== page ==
Volume 18, 2018

10 Articles

Gene Therapy & Molecular Biology

APRIL Gene Expression in a Cohort of Egyptian Acute Myeloid Leukemia Patients: Clinical and Prognostic Significance

Amira Ahmed Hammam Shereen Mohamed Elhoseiny MD, Raafat Mohamed Abdelfattah MD² and Rania El-Sayed Sheir MD

Pages: 1 - 13 | June 2018

Keywords: AML, APRIL, RTQ-PCR

Background: APRIL (A Proliferation Inducing Ligand) is a member of the tumor necrosis factor (TNF) family. It is essential for the survival of normal and malignant B lymphocytes. Increased expression of APRIL is noted in most of hematological malignancies and auto immune diseases. Patients and methods: We investigated the expression level of APRIL mRNA in 50 de novo acute myeloid leukemia (AML) patients, together with 20 healthy controls using a Real-Time Quantitative Reverse-Transcriptase Polymerase Chain Reaction (RTQ-PCR) with a specific aim of determining its relation to clinical features and laboratory findings at diagnosis and its impact on the response to therapy. Results: APRIL mRNA expression level was significantly higher in AML patients than in controls (p<0.001). APRIL expression level was significantly higher in patients who didn't achieve CR compared to those who achieved CR (p<0.001). Patients who didn't achieve CR also had higher TLC, lower platelets and older age than CR patients. The difference was statistically significant (p<0.001, p=0.047, p=0.019) respectively. APRIL levels showed significant positive correlation with TLC (r=0.743.p<0.001), with age (r=0.296, p=0.037)and a negative correlation with platelets count (r= -0.443,p=0.001) and no correlation with gender, Hb level, BM blast, HSM or LNs enlargement . Conclusion: Our study has shown that APRIL is overexpressed in AML patients, its level might serve as an indicator for disease progression. APRIL might be an indicator for poor prognosis and treatment resistance in AML patient; therefore, APRIL antagonists may represent a novel therapeutic approach for the treatment of AML.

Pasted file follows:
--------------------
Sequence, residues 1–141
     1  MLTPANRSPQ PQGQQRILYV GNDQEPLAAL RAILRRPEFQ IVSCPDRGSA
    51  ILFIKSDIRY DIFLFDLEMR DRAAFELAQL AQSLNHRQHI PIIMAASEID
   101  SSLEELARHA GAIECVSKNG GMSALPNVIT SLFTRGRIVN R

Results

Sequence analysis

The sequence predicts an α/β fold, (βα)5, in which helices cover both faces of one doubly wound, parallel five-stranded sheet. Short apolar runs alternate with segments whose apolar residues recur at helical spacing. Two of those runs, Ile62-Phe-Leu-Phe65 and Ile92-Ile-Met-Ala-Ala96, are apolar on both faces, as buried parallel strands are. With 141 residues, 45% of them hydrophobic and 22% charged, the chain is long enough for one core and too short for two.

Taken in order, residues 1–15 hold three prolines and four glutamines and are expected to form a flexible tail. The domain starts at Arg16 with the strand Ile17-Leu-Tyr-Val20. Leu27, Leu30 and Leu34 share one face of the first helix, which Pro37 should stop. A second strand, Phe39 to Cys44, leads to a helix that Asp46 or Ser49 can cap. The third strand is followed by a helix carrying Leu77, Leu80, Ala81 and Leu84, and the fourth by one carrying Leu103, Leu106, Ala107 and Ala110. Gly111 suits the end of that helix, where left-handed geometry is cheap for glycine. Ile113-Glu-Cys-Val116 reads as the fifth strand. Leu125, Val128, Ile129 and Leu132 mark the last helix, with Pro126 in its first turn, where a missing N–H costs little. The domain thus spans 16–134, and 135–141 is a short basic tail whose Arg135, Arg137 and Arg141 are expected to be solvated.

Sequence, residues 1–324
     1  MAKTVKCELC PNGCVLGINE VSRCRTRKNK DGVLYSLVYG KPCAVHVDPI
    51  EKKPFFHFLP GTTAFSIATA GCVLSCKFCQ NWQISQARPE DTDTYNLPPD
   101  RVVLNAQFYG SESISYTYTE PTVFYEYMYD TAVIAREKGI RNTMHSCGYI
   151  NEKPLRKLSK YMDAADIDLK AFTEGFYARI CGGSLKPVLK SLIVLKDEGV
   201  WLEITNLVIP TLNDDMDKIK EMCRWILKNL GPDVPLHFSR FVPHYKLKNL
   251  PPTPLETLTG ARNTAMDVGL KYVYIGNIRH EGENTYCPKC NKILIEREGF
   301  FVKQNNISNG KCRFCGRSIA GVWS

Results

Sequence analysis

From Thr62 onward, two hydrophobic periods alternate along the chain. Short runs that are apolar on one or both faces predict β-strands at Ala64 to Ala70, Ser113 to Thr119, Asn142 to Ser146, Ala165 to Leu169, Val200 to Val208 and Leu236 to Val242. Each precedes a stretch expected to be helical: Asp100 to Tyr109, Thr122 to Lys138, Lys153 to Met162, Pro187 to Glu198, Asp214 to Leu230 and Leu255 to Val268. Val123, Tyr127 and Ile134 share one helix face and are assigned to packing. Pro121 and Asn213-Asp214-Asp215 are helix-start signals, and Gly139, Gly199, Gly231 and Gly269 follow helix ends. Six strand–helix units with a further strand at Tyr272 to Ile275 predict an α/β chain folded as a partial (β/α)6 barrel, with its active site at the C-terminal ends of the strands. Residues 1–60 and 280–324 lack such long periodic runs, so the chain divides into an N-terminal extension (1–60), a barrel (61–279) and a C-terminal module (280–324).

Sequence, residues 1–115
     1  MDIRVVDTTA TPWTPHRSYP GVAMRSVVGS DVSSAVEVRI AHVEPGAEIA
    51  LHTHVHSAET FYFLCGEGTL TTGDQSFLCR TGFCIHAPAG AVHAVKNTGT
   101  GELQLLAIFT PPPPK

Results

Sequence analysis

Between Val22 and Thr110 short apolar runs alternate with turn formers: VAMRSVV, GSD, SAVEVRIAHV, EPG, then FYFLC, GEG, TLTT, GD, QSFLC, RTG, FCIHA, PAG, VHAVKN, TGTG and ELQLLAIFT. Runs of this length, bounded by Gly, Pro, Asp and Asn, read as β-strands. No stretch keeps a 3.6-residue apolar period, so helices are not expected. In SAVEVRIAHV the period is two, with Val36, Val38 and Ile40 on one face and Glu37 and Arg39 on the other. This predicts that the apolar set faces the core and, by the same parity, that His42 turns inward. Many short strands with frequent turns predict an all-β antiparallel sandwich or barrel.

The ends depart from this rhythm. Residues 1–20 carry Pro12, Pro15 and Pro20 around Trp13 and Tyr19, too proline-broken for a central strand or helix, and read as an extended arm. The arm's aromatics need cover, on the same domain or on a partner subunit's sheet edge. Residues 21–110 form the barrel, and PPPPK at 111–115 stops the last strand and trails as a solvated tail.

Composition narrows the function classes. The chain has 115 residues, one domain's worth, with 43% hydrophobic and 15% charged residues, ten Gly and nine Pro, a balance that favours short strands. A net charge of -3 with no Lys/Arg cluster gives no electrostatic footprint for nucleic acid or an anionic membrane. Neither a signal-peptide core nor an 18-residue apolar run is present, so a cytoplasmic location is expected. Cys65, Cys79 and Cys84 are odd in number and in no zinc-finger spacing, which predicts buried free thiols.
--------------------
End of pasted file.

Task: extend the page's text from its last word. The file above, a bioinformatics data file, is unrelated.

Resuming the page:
siRNA delivery technology for cancer therapy: promise and challenges

Raziyeh Amini F.Karimi, F.Azizi Jalilian, R.Ezati, Keng-Liang Ou, Hossein Hossienkhani

Pages: 14 - 25 | June 2018

Keywords: Small interfering RNAs (siRNA), Cancer therapy, Delivery systems, Nanoparticles

Small interfering RNAs (siRNA) technology has shown great promise as a new class of therapeutics intervention for treatment of cancer and other diseases. Despite the remarkable biological process for sequence specific gene regulation, the major limitations of siRNAs-based therapeutics are their rapid degradation by serum nuclease, poor cellular uptake, and rapid renal clearance following systemic delivery, off-target effects and induction of immune responses. Many researchers have tried to overcome these limitations with developing nuclease-resistant chemically modified siRNAs and variety of synthetic and natural biodegradable lipids and polymers for siRNA delivery to enhance efficacy and safety profiles. An ideal siRNAs based delivery systems for cancer therapy must be clinically suitable, safe and effective. In this review, we introduce the greatest challenges in achieving efficient RNAi delivery, and discuss design criteria and various delivery strategies for cancer therapy, including chemical modifications, lipid based nanovectors, polymer-mediated delivery systems, conjugate delivery systems, and others.

NF-κB is Over-expressed in Breast Cancer Cell Lines, MCF-7 and MDA-MB-231, Following miR-590 Transfection

Azar Sheikholeslami Mohammad Nabiuni, Ph.D.2,Ehsan Arefian, Ph.D.3, Fatemeh Jamshidi-Adegani, Ph.D. candidate

Pages: 26 - 33 | June 2018

Keywords: breast cancer, microRNAs, transfection, NF-κB